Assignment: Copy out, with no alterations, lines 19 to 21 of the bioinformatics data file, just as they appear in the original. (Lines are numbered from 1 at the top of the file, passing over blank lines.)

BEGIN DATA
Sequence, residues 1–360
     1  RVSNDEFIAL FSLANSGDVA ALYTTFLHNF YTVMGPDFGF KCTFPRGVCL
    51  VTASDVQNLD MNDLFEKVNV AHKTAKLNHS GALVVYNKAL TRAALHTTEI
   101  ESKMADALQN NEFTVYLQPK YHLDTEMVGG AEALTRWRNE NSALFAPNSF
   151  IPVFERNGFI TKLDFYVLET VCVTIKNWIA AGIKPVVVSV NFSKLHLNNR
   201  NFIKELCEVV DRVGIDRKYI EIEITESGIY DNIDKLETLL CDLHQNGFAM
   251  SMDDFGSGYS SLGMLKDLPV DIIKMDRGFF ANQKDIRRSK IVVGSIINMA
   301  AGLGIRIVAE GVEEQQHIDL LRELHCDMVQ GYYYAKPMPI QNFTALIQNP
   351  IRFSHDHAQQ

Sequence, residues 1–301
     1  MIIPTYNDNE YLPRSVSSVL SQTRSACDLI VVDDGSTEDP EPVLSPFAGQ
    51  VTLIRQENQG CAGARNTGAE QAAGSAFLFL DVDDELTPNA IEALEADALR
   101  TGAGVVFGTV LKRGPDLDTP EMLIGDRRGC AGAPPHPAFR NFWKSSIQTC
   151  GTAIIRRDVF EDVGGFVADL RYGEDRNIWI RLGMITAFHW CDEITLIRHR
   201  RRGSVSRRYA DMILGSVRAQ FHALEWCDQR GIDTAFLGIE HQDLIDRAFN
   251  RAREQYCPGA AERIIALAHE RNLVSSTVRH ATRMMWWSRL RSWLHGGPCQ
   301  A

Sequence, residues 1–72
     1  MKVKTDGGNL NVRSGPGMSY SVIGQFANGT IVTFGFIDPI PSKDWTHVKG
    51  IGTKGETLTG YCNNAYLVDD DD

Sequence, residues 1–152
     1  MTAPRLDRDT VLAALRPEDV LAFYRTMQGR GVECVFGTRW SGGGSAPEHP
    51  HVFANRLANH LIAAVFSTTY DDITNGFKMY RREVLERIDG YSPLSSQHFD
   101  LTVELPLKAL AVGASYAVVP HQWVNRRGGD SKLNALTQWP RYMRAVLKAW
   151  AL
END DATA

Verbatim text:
     1  MKVKTDGGNL NVRSGPGMSY SVIGQFANGT IVTFGFIDPI PSKDWTHVKG
    51  IGTKGETLTG YCNNAYLVDD DD

Sequence, residues 1–152